Thinking counter intuitively
When it comes time to mix, the equalizer is one of the first tools the sound engineer pulls out to sculpt the track. A beginner might underestimate the power and usefulness of the equalizer, preferring compressors and reverb for example but equalizers are generally indispensable to achieve a professional result. Being methodical and logical can help achieve professional results faster but sometimes the method and logic may seem counterintuitive to the aspiring sound engineer. This involves psychoacoustics, or how our brain interprets the sounds we hear. Understanding how your brain reacts can help you make better EQ decisions. I’d like to go through some of my favorite not-so-obvious equalizer tips. In the last article I presented the first three and today I am presenting the last three in this article.
4) Listen to what you cut
In the case of the Low Pass Filter and kick drum discussed above, if you listened to what you cut, you would probably notice that you are getting rid of cymbals and snare, which can be a good thing. Regardless of the sound or instrument you are working with, if you are not too sure at what frequency you should be setting your LPF, place a High Pass Filter instead and listen to what the LPF would be cutting from your sound. Let us look at another example. If you are working with a voice and want to get rid of the low-end rumble, you would typically place a HPF and maybe set the cut-off frequency at 100Hz for instance. Placing a LPF on the voice and listening to all the low-end you are trying to eliminate you might realize that there is too much energy at frequencies up to say 150Hz. Once again it is a question of perspective.
5) Divide the spectrum in bands when you compare two sounds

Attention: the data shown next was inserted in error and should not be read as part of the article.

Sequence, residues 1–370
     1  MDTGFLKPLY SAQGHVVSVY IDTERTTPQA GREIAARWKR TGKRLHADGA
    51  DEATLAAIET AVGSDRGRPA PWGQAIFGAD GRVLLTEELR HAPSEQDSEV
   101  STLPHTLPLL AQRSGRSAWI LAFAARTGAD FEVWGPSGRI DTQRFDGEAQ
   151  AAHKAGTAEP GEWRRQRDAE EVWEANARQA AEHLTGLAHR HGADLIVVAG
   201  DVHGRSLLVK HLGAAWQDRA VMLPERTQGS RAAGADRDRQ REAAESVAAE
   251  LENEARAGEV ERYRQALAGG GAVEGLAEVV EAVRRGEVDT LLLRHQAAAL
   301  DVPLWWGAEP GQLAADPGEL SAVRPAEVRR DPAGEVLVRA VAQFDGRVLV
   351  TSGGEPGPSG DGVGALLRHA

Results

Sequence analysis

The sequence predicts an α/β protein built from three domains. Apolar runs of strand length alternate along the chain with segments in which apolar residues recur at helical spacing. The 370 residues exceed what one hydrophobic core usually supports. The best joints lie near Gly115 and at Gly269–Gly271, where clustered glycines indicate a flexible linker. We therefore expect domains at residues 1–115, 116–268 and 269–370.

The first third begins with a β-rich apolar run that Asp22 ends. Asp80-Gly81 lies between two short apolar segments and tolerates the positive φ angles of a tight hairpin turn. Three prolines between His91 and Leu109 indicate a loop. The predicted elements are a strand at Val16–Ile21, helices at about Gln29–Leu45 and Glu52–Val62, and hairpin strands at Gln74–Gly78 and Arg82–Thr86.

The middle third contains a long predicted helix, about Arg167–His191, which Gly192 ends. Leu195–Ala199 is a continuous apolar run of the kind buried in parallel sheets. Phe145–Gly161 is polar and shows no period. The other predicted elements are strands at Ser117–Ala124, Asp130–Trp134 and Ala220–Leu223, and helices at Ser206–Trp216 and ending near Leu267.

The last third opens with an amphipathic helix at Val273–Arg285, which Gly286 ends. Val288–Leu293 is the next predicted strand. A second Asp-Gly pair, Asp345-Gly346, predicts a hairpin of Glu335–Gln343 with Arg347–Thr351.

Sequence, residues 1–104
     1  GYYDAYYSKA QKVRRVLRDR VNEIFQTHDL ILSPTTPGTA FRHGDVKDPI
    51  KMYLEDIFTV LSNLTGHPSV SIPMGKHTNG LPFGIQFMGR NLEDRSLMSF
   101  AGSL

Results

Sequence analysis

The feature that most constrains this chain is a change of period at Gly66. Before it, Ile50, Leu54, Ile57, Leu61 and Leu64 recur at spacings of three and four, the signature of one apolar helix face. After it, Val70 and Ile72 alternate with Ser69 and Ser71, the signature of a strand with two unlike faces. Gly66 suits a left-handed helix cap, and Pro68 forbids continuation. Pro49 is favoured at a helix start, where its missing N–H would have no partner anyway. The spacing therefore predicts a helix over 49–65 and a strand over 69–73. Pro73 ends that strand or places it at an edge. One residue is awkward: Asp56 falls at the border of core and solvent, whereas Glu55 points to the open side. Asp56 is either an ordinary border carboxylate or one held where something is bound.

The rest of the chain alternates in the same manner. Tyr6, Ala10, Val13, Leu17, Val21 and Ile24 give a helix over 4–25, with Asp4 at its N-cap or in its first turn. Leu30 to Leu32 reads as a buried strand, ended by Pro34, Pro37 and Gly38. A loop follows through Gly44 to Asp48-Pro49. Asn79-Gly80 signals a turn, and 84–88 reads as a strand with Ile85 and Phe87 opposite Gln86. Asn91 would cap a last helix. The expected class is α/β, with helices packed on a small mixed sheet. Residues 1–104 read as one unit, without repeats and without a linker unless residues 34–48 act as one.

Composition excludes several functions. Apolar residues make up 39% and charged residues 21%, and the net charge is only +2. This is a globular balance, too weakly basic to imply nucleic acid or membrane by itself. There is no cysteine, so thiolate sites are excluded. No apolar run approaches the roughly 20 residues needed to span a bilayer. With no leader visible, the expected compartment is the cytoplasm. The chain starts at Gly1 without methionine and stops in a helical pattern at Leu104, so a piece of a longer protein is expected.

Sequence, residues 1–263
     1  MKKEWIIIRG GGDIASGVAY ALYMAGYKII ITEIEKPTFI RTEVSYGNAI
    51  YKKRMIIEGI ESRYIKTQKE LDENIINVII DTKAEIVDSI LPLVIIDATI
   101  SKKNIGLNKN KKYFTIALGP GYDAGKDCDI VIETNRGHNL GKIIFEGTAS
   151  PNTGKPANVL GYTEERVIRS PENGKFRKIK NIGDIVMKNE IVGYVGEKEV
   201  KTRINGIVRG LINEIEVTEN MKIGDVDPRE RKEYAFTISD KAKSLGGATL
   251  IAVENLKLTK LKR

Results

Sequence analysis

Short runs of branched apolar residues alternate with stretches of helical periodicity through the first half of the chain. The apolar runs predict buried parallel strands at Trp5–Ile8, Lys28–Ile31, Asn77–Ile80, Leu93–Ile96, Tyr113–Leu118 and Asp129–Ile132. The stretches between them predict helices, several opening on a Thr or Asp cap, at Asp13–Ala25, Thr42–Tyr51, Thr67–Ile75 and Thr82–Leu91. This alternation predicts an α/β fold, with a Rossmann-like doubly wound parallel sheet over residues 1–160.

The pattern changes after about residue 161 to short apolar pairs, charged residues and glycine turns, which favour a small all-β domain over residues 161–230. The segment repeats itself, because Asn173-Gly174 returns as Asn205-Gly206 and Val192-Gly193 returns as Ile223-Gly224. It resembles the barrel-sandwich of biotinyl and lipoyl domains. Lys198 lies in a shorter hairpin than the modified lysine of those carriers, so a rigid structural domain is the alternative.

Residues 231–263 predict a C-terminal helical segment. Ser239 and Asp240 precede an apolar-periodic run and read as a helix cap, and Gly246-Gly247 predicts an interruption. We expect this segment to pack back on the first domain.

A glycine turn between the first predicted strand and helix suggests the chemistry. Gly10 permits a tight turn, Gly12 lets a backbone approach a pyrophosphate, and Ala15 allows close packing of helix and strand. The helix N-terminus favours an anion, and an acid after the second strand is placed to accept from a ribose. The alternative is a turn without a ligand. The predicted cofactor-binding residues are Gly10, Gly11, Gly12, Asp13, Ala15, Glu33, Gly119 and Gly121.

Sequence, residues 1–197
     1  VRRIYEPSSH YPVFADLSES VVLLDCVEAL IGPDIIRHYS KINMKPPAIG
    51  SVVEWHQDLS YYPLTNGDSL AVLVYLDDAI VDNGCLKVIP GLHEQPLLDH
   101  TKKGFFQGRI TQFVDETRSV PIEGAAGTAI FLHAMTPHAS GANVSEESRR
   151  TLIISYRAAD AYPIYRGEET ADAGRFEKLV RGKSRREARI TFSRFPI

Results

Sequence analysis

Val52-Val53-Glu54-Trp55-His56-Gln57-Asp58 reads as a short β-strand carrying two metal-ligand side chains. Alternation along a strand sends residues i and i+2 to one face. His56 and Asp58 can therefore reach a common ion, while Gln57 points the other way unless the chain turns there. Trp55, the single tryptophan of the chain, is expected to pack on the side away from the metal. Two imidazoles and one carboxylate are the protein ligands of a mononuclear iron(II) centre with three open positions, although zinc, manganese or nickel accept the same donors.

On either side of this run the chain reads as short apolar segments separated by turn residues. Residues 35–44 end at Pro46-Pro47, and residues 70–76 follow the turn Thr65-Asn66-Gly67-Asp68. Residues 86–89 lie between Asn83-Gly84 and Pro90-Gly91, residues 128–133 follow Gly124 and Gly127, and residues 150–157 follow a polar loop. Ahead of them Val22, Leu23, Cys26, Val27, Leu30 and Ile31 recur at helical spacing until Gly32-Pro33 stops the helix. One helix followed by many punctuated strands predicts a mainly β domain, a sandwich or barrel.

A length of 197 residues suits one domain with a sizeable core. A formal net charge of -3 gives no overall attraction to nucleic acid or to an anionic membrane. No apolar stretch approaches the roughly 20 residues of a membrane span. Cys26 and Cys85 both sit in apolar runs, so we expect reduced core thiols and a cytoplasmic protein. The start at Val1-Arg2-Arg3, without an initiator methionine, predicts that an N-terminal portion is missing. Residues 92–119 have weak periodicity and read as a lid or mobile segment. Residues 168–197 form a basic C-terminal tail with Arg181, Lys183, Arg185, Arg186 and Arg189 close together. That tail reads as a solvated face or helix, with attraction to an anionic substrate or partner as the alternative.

Sometimes you need to compare two sounds or recordings. Whether you want to make your guitar sound like the guitar on a reference recording the artist gave you, or whether you are comparing your entire mix with a professional commercially released mix (imitating the masters is a normal step in learning a trade), it can sometimes be difficult to hear or describe the differences in timbre between the two sounds or mixes. One reason may be that there are too many frequency bands to focus on, and compare, that our brain is overwhelmed by the amount of information and does not know where to start. Dividing the spectrum in bands can be useful in various situations. Here are some more examples: when mixing a film, you may need to match room tones between two scenes in a film, or you want to match the same voice (or instrument) that was recorded with two different microphones. Dividing the frequency spectrum can also help you when you are trying to match the ambiance or reverb in a recording. These are situations where using an EQ to divide the frequency spectrum can be helpful. Use a simple LPF or HPF to divide the sound (or entire) mix in bands. For example, if you are comparing your mix with a similar professional mix you could set the LPF so that you can only hear the frequencies in the reference mix below 1kHz, then listen to your mix with the same LPF. If there are any differences in the frequency content of the respective mixes, they should be more apparent now. The reason is, as the high frequencies (above 1kHz in our example) in both mixes disappear, it becomes easier for our ears to focus and hear the low end differences between the mixes. You don’t use the EQ to actually tweak your sound, you just use it for monitoring and comparison purposes. Similarly, a Band Pass Filter (combination of HPF and LPF) can help you narrow in and focus on a specific frequency band of interest. For example, as you compare two bass guitar sounds you might have used a LPF to hear and compare the low end of the bass but now with the help of a BPF you want to focus on the frequency range between 500Hz and 2kHz where the sound of the pick is heard. Once again, these EQs are just used to monitor the sounds, they should be removed after the comparison. The actual EQ tweeks you want to apply should be done with a separate EQ, typically parametric, directly on the track.